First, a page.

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Rinca, dragon island

Life on land

"On the hill next to the one we are standing on I can see a familiar shape under a tree, distance about one kilometre, it casts a shadow, this is the world’s biggest lizard".

Peter Hylands, Andrea Hylands

October 31, 2022

Rinca is a beautiful island. It is the sort of place you would expect to see Professor Challenger popping out at you from the pages of the Strand Magazine. Happily this is not a place of fiction, unlike Conan Doyle’s lost world, Rinca remains tantalisingly real.  The video above was filmed on both Komodo Island and Rinca Island. The young Komodo Dragons were filmed on Rinca.

Rinca Island

As we gently manoeuvre our small boat past the mangroves towards the jetty, I can see Hariadi waiting for us on the small path that leads to the rangers settlement of Loh Buaya.

Rinca has open grassland on its sometimes steep slopes, with the folds between each hill the home to patches of open forest, the coastal stretches are typically Mangroves.

So the small pathways here meander through areas of shade and then head upwards into the light and the heat of the tropical sun, and back down again into some cooler crevice of shady vegetation.

The Komodo Dragons

On the hill next to the one we are standing on, I can see a familiar shape under a tree, distance about one kilometre, it casts a shadow. This is the world’s biggest lizard, the Komodo Dragon Varanus komodoensis.

Each Komodo is precious, very precious, its remaining habitats are the relatively small islands of Rinca, Komodo, Gili Motang and Nusa Kode with significant loss of habitat and population on the larger Flores Island in the last few decades. I suspect we would be struggling to count more than 5,000 animals in its total range.

Wise words from Indonesia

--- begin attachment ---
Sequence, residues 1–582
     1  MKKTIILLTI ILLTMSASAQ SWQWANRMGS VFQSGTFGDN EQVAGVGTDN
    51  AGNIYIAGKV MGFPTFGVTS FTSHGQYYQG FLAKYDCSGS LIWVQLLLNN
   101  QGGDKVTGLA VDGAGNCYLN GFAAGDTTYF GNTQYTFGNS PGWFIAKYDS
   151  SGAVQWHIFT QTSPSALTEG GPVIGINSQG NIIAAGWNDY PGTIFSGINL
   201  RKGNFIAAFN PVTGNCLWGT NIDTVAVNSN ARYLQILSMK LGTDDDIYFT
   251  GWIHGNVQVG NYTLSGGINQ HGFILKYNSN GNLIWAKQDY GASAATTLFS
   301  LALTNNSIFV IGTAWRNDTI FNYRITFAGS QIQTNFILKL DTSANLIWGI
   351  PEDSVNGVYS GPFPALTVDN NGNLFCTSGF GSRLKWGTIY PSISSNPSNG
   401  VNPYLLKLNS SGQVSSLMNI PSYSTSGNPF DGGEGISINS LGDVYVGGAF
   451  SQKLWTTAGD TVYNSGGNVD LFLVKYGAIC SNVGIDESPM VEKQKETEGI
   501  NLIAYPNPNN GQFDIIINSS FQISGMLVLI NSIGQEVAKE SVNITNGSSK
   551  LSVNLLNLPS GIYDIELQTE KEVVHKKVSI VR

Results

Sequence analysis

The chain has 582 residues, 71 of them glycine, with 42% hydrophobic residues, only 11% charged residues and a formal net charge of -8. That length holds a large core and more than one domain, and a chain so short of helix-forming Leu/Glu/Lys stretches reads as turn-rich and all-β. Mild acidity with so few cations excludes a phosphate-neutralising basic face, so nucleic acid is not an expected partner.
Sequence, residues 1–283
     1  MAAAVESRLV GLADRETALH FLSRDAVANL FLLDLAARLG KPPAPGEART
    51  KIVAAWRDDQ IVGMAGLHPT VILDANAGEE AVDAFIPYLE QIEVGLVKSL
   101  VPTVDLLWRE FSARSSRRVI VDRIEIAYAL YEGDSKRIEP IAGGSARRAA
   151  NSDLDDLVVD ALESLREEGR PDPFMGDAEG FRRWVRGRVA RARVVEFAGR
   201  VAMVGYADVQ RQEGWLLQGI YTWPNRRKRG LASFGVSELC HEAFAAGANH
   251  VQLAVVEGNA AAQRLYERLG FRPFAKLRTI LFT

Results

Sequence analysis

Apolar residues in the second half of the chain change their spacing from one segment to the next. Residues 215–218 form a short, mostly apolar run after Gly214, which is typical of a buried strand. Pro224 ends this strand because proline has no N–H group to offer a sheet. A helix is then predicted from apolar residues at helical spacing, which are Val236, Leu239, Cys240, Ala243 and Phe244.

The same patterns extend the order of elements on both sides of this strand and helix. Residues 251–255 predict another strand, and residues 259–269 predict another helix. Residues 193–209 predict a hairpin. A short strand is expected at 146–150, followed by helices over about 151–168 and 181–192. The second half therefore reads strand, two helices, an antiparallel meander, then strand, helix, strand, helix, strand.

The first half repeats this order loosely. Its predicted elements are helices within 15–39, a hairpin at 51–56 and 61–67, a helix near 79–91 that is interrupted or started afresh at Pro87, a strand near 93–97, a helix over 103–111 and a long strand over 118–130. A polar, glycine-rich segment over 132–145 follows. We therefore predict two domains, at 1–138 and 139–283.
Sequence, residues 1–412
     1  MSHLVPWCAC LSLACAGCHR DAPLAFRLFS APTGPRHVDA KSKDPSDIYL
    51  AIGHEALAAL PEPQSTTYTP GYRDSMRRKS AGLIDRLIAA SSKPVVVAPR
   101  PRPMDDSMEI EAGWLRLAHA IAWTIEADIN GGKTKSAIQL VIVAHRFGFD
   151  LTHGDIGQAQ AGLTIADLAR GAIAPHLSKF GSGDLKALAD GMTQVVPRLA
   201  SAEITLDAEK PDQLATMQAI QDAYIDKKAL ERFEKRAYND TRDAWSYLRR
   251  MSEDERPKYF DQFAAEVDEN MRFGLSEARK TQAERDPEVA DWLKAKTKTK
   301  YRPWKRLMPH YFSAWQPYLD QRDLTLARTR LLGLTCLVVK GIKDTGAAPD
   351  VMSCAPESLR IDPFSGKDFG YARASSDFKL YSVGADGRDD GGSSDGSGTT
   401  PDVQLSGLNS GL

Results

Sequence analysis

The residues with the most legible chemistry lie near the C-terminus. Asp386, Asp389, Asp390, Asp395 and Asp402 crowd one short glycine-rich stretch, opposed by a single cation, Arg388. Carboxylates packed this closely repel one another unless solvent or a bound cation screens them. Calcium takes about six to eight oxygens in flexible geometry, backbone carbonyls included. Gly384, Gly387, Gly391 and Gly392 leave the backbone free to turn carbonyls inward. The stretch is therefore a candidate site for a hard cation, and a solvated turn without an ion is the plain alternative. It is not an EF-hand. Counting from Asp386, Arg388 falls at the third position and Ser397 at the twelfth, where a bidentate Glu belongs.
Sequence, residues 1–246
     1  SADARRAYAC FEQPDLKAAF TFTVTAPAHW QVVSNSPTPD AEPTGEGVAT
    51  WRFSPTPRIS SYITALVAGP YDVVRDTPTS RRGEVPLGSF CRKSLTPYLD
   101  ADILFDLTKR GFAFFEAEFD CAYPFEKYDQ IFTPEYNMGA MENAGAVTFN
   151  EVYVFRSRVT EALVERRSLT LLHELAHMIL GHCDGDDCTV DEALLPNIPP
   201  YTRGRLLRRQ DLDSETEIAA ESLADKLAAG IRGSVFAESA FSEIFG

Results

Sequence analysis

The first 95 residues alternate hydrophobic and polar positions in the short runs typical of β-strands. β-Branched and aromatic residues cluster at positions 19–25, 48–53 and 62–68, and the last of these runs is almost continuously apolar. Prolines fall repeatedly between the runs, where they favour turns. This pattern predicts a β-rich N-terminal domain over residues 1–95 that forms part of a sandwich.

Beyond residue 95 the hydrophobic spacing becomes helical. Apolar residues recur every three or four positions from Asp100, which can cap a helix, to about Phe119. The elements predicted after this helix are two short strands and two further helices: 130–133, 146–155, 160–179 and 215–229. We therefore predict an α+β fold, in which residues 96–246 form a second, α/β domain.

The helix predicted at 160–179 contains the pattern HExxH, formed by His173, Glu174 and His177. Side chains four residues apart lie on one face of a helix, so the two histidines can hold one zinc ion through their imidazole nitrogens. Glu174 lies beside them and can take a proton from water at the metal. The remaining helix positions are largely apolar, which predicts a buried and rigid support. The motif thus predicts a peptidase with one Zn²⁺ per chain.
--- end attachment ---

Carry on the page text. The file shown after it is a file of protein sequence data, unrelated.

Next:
"Sustainable development needs ecological guidelines, but this demands that people, all people, should absorb and apply the constraints set by the ecological system in which they live". The ecology of Indonesia series - Periplus Editions (HK) Ltd

Young Komodo Dragons

Population decline is down to the usual culprits, habitat destruction in its range (destruction is outside of the Komodo National Park and reserves at the time of writing), problems include encroachment by humans, changes in cultural practice, introduced species destroying nesting sites and attacking young Komodo Dragons and climate change, increasingly a threat to island locked populations. Declining numbers also means a decline in genetic variation for the species.

We are here to visit a nesting site and look for young Komodo Dragons who are far more agile than mature adults.

Young Komodo Dragons are good climbers so they can be found up in the branches of trees where they are safe from larger lizards.

From our narrow path we watch a small Komodo Dragon cautiously working its way around two very large Komodo Dragons sunning themselves just in front of us. Safely by, the young lizard climbs the trunk of a tree then up across its canopy, the tips of the branches bending low under its weight and in doing so bringing the young lizard close to the roof of a house. Our young lizard lowers itself onto the roof and darts in through an opening. Rats and geckos exit the roof space. A meal of rat is what the young Komodo is after. Reptiles are of course important in their habitat and ecosystems.